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Commission on Research discusses library budget

Spectrum Volume 19 Issue 11 - November 7, 1996

(The following report was taken from a draft of the minutes of the Commission on Research's October 9 meeting.)

Eileen Hitchingham, dean of the library, informed the Commission on Research (COR) that the library may be working with the faculty during the spring semester to prepare for a materials purchasing power cut of up to $1 million. She stated that the serials would likely be the greatest part of the cut.

Hitchingham said serials represent the largest part of the overall cost of library materials, and they anticipate a 15-percent price increase next year from many of the publishers. She gave details as to where funds were spent and said the library already runs at a lean ratio for spending that is not materials-related.

She said the Internet has useful information, but it does not provide free access to the refereed and edited sources that are the basis of faculty research, publication, and graduate work. Hitchingham said that to have the same purchasing power in 1997-98 as a year ago, the library would need an increase of $1 million in the operating base to meet materials costs estimated at $6.2 million.

She said the library staff will support the ability of faculty members and graduate students to order, with an estimated 24-hour turnaround time, faxed copies of the canceled publications available in the CARL system. The CARL system will also offer a mechanism for receiving e-mail listings of the table of contents of up to 50 journals selected by the faculty member or graduate student. For journals not in the CARL system, the library will use the fastest commercial or academic document-delivery service for getting the articles.

Hitchingham said they will monitor the document-delivery process to identify canceled publications that are requested frequently. She said that costs of the process will be supported by setting aside funding from the current materials allocation or by taking some part of any new allocation that is still not large enough to prevent cancellations. Hitchingham said the library will need to know by December what kind of support they can count on for next year.

Paul Metz provided additional background information on the budget shortfall. He also detailed the cancellation process. Hitchingham suggested the commission organize a response to the shortfall. Metz said they are trying to stay in the top 50 of research institutions.

Mark Smith suggested the membership go back to their respective departments and colleges and get feedback. He offered to draft a letter supporting the library. At the close of the meeting, Bonham Richardson expressed alarm at the library situation. He said it is under-publicized. Smith mentioned a letter written to President Paul Torgersen expressing the collective concern from the membership. Gene Brown said some support from the Graduate Student Assembly could be helpful.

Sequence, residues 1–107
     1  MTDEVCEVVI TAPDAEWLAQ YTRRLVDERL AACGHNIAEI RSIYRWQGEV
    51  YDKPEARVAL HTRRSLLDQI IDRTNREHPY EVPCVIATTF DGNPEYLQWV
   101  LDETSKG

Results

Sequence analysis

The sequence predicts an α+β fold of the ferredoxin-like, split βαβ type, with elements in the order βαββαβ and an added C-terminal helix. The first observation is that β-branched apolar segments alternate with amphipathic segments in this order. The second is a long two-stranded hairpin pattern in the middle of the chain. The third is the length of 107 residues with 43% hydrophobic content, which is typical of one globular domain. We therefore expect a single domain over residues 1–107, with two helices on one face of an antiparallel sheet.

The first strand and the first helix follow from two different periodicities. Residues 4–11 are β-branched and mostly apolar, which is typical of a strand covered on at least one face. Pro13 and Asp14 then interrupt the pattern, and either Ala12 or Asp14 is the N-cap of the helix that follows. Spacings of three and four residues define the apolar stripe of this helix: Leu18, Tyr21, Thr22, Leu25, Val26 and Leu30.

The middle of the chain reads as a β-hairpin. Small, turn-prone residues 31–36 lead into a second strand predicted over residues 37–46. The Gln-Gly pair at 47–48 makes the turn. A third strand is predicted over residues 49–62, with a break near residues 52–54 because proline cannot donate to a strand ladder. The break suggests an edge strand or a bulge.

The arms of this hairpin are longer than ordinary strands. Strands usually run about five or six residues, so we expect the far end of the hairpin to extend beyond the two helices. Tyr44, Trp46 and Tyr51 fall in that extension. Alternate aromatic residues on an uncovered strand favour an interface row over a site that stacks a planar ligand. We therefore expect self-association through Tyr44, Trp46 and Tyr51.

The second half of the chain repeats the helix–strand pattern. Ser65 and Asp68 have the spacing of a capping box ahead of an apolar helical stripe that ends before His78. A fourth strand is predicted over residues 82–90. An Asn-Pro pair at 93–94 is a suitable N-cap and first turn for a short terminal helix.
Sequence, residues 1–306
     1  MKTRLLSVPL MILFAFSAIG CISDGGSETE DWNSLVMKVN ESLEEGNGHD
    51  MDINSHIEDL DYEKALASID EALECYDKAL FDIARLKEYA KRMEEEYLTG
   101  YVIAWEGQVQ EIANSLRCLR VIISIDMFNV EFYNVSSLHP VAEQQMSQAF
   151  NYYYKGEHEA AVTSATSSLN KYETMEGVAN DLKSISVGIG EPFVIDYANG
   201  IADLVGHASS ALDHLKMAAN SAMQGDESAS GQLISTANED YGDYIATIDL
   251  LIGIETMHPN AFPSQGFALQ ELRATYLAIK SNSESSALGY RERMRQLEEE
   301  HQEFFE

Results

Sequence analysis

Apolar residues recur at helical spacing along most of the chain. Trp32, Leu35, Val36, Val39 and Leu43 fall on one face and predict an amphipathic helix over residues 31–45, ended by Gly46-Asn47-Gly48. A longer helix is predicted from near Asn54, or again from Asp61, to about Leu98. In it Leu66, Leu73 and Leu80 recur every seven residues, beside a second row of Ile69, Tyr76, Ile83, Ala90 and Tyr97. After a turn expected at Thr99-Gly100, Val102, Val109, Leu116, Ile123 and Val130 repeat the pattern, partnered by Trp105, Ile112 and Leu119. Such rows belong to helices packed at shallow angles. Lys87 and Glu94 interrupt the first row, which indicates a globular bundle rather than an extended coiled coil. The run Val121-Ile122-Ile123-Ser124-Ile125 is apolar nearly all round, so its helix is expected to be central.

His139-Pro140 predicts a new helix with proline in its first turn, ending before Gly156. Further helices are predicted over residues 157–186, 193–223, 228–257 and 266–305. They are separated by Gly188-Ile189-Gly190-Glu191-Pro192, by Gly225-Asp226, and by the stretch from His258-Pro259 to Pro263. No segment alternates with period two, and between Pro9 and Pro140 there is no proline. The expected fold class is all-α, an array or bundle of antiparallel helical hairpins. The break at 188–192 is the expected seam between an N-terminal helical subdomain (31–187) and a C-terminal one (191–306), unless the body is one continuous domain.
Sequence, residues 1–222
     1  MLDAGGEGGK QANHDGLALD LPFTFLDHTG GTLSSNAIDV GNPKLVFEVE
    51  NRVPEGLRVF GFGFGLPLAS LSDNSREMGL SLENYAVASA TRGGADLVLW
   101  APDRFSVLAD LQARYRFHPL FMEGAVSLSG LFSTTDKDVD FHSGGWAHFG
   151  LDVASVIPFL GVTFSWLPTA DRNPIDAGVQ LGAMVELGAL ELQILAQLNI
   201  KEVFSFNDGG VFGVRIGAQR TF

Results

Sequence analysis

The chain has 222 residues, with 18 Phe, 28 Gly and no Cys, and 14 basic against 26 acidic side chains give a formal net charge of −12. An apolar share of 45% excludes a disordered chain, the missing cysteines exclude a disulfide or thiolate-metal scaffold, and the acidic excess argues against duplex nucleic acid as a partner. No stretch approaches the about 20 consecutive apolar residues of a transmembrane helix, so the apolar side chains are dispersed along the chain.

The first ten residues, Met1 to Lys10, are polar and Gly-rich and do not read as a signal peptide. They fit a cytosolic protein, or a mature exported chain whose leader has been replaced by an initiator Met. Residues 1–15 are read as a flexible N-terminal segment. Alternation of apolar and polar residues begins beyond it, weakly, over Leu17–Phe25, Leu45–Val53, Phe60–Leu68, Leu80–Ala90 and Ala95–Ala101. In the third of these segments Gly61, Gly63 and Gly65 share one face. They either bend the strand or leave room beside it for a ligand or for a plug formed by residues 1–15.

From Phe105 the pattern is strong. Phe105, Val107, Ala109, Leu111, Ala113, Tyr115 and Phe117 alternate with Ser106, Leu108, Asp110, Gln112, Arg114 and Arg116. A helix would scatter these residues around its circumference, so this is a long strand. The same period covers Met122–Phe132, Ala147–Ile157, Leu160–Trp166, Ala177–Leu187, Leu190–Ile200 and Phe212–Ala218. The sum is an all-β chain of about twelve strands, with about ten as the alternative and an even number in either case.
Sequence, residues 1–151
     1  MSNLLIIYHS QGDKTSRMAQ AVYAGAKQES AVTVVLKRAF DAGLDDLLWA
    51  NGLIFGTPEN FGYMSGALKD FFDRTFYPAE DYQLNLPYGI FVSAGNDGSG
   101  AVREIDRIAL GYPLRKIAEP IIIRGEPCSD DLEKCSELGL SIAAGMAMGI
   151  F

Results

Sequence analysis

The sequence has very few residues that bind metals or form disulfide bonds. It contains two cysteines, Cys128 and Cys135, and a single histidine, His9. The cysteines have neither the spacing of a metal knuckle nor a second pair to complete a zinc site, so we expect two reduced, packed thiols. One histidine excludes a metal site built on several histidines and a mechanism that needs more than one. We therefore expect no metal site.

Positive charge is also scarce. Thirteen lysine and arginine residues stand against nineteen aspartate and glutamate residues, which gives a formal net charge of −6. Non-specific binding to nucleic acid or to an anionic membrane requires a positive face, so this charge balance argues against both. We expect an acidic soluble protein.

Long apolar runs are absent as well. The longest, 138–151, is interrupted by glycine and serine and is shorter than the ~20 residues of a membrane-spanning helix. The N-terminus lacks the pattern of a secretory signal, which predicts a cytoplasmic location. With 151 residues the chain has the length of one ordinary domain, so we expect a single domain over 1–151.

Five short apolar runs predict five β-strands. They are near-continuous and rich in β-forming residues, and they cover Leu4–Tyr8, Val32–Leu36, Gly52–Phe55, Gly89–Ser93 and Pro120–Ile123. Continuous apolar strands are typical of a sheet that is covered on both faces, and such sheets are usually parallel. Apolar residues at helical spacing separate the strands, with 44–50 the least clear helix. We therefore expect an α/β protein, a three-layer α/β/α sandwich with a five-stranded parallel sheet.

In other business, Smith provided two handouts and introduced David Moore. Moore provided background on the Animal Adoption Policy. He said in 1985 the University Animal Care Committee had a policy which said that animals that were used in teaching and research could not be adopted. However, it was determined that the committee did not have the authority to say there was a policy when in fact there was no policy. The committee felt there needed to be a policy, so a group was formed within the committee to draft a policy. Len Peters was asked to be the signatory for the policy and he in turn asked there be a joint working group between the Commission on Research and the Animal Care Committee.

Joe Schetz said the committee should be charged to develop a policy, not necessarily the policy presented. He said they seem to be the appropriate group to draft the policy. Smith said he would ask Peters to encourage the committee to formulate a policy. Schetz made a motion to state the position that the COR feels it is imperative that there be a policy on animal adoption without saying what that policy is. Ken Reifsnider seconded the motion. The motion carried.

Reifsnider said the Interdisciplinary Research Center Policies and Procedures document was last approved in 1991, so there may be a perfunctory need to update the titles and offices. He plans to ask center directors to look through the document and he may offer some additions on the project-administration section. He said the re-authorization/termination section needs to be clarified. He asked the membership to look at it and offer suggestions at the next meeting. Schetz suggested that definitions of centers, institutes, labs would be helpful.

At the next meeting, the commission will consider a Commission on Faculty Affairs resolution to amend the Faculty Handbook to include severe sanctions other than dismissal for serious misconduct.